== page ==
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Tendonitis Workup

  • Author: Mark Steele, MD; Chief Editor: Herbert S Diamond, MD  more...
 
Updated: Oct 01, 2014
 

Imaging Studies

Radiographs may be indicated if a history of trauma is present, but findings usually are negative with tendinopathy.

  • Occasionally a fleck of bone may be visualized, suggesting an avulsion fracture at the site of tendinous insertion.
  • A roughened appearance of the bone at the site of tendinous insertion may suggest periostitis.
  • Calcium deposits along the tendon may be visualized with calcific tendinopathy.

Further imaging studies, such as ultrasonography and magnetic resonance imaging (MRI), are usually reserved for when the diagnosis is unclear or the patient's condition fails to improve with conservative management.

Ultrasonography is a rapid, noninvasive, and portable method to evaluate for tendinopathy.

  • On ultrasound images, tendon changes are noted by alterations in tendon morphology and echogenicity. Mucoid degeneration and tendon tearing diminish echogenicity. Calcification can also be appreciated.
  • Ultrasonography has been shown to be accurate in evaluating the rotator cuff and Achilles tendon.
  • One recent study found that ultrasonography had a greater accuracy than MRI in confirming the clinical diagnosis of patellar tendinopathy.[8]

MRI is also accurate in accessing tendon pathology.

  • In the United States, tendinopathy is imaged more often with MRI than with ultrasonography.
  • One of the strengths of MRI is that it can also assess cartilage injuries, bony abnormalities, and ligamentous injury, which greatly aids patient management.
 
 
Contributor Information and Disclosures
Author

Mark Steele, MD Professor, Department of Emergency Medicine, Chief Medical Officer, Truman Medical Center, University of Missouri-Kansas City School of Medicine

Mark Steele, MD is a member of the following medical societies: American Academy of Emergency Medicine, Society for Academic Emergency Medicine

Disclosure: Nothing to disclose.

Coauthor(s)

Jeffrey G Norvell, MD Clinical Assistant Professor of Emergency Medicine, University of Kansas School of Medicine

Jeffrey G Norvell, MD is a member of the following medical societies: American Academy of Emergency Medicine, American College of Emergency Physicians, Society for Academic Emergency Medicine

Disclosure: Nothing to disclose.

Specialty Editor Board

Francisco Talavera, PharmD, PhD Adjunct Assistant Professor, University of Nebraska Medical Center College of Pharmacy; Editor-in-Chief, Medscape Drug Reference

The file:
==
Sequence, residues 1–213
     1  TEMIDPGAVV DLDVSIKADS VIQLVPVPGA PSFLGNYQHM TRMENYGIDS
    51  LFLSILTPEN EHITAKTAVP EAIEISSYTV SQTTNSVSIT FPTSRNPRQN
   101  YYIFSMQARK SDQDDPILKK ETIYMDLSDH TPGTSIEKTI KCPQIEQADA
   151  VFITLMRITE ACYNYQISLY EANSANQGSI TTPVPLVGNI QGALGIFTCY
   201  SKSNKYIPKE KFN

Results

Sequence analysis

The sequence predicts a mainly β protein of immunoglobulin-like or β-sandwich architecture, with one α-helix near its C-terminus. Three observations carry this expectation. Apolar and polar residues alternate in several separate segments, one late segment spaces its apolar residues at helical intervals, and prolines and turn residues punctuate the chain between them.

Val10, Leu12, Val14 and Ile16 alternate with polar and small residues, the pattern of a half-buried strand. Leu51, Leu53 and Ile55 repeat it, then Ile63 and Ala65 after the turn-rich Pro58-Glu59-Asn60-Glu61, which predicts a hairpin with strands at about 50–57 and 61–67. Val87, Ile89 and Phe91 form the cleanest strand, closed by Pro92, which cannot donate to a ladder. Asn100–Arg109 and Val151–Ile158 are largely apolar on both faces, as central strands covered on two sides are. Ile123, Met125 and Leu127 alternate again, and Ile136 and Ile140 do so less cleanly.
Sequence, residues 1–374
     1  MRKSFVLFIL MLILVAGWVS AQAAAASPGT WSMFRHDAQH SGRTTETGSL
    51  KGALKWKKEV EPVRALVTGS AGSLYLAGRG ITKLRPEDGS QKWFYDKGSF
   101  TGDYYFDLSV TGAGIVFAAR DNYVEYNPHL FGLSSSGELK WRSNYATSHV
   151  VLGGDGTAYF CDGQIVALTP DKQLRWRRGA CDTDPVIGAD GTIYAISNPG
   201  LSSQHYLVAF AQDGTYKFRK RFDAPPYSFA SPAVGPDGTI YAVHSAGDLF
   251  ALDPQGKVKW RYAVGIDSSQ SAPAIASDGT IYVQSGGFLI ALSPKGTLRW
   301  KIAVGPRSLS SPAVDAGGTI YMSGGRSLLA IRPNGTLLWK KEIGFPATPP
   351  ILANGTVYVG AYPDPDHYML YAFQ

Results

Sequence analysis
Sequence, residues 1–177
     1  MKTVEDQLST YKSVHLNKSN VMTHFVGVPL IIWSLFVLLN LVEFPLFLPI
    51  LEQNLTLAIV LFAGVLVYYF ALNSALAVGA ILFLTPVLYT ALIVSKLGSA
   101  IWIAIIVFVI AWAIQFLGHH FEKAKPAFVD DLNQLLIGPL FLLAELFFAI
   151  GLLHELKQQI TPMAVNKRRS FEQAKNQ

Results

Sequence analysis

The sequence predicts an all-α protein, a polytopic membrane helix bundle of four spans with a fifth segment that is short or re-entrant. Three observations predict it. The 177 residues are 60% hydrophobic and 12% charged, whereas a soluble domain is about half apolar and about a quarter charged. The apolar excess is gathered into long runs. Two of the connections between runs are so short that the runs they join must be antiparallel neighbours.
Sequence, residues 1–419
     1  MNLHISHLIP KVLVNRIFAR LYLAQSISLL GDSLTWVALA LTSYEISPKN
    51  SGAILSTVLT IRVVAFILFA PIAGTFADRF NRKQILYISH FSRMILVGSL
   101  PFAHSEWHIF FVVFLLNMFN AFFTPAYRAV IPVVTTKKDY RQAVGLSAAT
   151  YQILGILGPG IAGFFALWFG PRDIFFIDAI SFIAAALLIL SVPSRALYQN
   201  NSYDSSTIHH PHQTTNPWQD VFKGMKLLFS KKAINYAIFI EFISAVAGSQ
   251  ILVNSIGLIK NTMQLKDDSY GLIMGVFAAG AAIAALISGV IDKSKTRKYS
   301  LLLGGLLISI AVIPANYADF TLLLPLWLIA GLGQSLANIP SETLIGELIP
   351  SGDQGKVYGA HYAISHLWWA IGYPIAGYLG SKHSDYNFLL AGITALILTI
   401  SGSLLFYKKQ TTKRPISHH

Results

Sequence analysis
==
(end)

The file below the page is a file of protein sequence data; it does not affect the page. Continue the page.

Disclosure: Received salary from Medscape for employment. for: Medscape.

Gino A Farina, MD, FACEP, FAAEM Professor of Emergency Medicine, Hofstra North Shore-LIJ School of Medicine at Hofstra University; Program Director, Department of Emergency Medicine, Long Island Jewish Medical Center

Gino A Farina, MD, FACEP, FAAEM is a member of the following medical societies: American Academy of Emergency Medicine, American College of Emergency Physicians, Society for Academic Emergency Medicine

Disclosure: Nothing to disclose.

Chief Editor

Herbert S Diamond, MD Visiting Professor of Medicine, Division of Rheumatology, State University of New York Downstate Medical Center; Chairman Emeritus, Department of Internal Medicine, Western Pennsylvania Hospital

Herbert S Diamond, MD is a member of the following medical societies: Alpha Omega Alpha, American College of Physicians, American College of Rheumatology, American Medical Association, Phi Beta Kappa

Disclosure: Nothing to disclose.

Additional Contributors

Richard S Krause, MD Senior Clinical Faculty/Clinical Assistant Professor, Department of Emergency Medicine, University of Buffalo State University of New York School of Medicine and Biomedical Sciences

Richard S Krause, MD is a member of the following medical societies: Alpha Omega Alpha, American Academy of Emergency Medicine, American College of Emergency Physicians, Society for Academic Emergency Medicine

Disclosure: Nothing to disclose.

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Hawkins test. The examiner forward flexes the arms to 90° and then forcibly internally rotates the shoulder. This movement pushes the supraspinatus tendon against the anterior surface of the coracoacromial ligament and coracoid process. Pain indicates a positive test result for supraspinatus tendonitis.
Speed test.
Yergason test.
The proximal patellar tendon is most commonly affected in jumper's knee.
Iliotibial band at the lateral femoral condyle, with the posterior fibers denoted.
The Ober test.
 
 
 
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